Nearly 100 migrants began a hunger strike on Monday at a detention centre in Hungary, demanding that they be allowed to leave, the country’s immigration authority said.
The Immigration and Citizenship Bureau said 94 of the 102 migrants in the Bekescsaba camp on the Romanian border were taking part.
“Most of the hunger strikers are under Dublin proceedings as they unlawfully left the country of first entry into the European Union,” the bureau told Reuters in an emailed statement.
“The hunger strikers signalled their demands in writing, primarily complaining about being detained and asked to be allowed to leave,” it said.
“They complained about being fingerprinted as they have no intention to stay in Hungary.”
An online plea for help by “Zanyar Faraj”, claiming to be a spokesperson for the migrants in Bekescsaba, called for better conditions there.
It said many inmates were sick and depressed.
“Our lawyers went on a human rights monitoring mission to the Bekescsaba detention camp a month ago,” said Marta Pardavi, co-chair of the Hungarian Helsinki Committee, an asylum rights group.
“Most (migrants) come from circumstances that makes it likely they suffer from psychological trauma.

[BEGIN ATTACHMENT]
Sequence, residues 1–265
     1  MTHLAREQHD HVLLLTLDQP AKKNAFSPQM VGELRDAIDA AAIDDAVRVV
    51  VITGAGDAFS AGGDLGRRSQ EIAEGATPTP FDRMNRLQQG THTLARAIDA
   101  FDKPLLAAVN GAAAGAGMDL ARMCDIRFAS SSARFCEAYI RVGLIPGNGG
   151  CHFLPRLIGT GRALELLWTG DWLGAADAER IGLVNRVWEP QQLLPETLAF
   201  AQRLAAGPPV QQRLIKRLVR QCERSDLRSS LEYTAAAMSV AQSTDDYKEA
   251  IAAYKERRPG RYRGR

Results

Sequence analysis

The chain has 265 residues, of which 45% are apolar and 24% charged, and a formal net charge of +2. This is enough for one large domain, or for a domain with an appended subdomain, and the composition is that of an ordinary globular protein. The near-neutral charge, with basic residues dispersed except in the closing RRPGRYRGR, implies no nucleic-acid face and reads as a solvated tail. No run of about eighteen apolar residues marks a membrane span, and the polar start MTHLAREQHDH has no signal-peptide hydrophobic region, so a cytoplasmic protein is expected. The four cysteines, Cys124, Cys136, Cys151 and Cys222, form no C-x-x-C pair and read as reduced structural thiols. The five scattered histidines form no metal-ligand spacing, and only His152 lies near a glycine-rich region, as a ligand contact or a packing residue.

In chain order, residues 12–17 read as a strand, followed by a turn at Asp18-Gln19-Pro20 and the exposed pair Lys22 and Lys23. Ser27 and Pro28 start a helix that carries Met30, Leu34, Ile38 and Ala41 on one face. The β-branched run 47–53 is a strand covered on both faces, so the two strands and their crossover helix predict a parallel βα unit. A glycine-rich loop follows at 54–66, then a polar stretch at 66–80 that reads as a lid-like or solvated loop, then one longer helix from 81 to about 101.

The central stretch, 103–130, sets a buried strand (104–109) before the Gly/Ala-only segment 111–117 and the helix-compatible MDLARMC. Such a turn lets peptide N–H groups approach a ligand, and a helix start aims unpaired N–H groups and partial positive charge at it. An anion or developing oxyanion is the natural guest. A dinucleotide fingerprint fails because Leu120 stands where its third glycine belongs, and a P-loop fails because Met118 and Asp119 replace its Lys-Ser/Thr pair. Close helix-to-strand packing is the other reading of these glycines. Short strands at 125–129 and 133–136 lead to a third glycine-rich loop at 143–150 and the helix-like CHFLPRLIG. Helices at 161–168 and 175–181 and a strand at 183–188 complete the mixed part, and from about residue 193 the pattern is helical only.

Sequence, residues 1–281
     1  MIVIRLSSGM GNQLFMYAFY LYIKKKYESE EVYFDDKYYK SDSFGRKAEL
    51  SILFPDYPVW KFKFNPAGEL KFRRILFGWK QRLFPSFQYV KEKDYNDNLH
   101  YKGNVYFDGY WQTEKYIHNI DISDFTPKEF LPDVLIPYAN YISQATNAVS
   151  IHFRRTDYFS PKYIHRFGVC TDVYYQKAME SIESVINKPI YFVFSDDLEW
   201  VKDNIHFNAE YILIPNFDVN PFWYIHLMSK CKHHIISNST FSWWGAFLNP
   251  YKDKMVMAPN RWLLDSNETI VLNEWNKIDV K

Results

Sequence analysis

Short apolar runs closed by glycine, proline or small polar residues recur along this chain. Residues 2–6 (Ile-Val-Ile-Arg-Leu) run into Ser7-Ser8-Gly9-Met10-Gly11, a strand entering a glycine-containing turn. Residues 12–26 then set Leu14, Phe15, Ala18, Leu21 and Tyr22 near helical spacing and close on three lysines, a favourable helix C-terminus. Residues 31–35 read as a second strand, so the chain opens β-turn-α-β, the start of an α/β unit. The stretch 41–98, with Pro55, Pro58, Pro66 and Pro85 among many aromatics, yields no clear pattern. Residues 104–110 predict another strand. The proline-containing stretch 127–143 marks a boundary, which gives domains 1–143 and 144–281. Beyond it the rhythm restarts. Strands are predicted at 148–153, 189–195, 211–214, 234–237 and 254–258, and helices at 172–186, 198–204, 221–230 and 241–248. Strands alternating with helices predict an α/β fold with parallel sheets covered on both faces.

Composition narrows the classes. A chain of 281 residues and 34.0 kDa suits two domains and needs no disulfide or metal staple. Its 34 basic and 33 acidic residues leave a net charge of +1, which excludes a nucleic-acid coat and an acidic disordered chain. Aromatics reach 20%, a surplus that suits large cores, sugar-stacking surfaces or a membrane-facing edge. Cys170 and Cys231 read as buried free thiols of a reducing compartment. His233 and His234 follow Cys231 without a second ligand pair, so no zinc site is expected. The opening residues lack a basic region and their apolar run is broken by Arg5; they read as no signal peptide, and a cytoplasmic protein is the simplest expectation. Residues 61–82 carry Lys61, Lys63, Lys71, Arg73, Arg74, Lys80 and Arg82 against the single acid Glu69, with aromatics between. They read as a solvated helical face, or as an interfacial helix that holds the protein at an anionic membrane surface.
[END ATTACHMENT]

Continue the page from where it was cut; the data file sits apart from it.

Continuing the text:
As far as we know the situation in the camp is calm for now.”
Hungarian Prime Minister Viktor Orban has been a vocal opponent of the wave of migration into Europe, which he says threatens the socioeconomic makeup of the continent, and his government is building fences to keep migrants out.
On the other hand, Turkey “should re-evaluate” a landmark deal with the European Union to curb the flow of migrants in response to an escalating crisis with the Netherlands which barred Turkish ministers from holding rallies, a minister said on Monday.
“Turkey should re-evaluate the issue of land crossings” under the March 18, 2016 migrant deal with the EU, Turkey’s EU Affairs Minister Omer Celik was quoted as saying by the state-run news agency Anadolu.
The deal has sought to stem the flow of migrants from Turkey to the EU, in particular Greece, by land and sea routes. Celik said migrant crossings across the Aegean Sea − which have cost hundreds of lives − should be prevented as a matter of human responsibility but the land portion of the deal should be reconsidered.
Turkey also pledged to take any necessary measures to prevent new sea or land routes for illegal migration from opening.
Turkey and the Netherlands have been locked in a crisis after the Dutch government banned Turkish ministers from holding rallies on its territory ahead of an April referendum on boosting President Recep Tayyip Erdogan’s powers.
The Turkish leader likened the ban to “Nazism” and “fascism” and sharply warned the Netherlands would pay a price. Erdogan also slammed Europe’s silence on Sunday, saying: “They don’t bite each other.”
In apparent reference to Erdogan’s comments, EU chief diplomat Federica Mogherini and EU Enlargement Commissioner Johannes Hahn called on Turkey to “refrain from excessive statements and actions that risk further exacerbating the situation”.But Celik said Mogherini had made a “completely wrong statement” with language that was inappropriate for her status as EU foreign policy chief.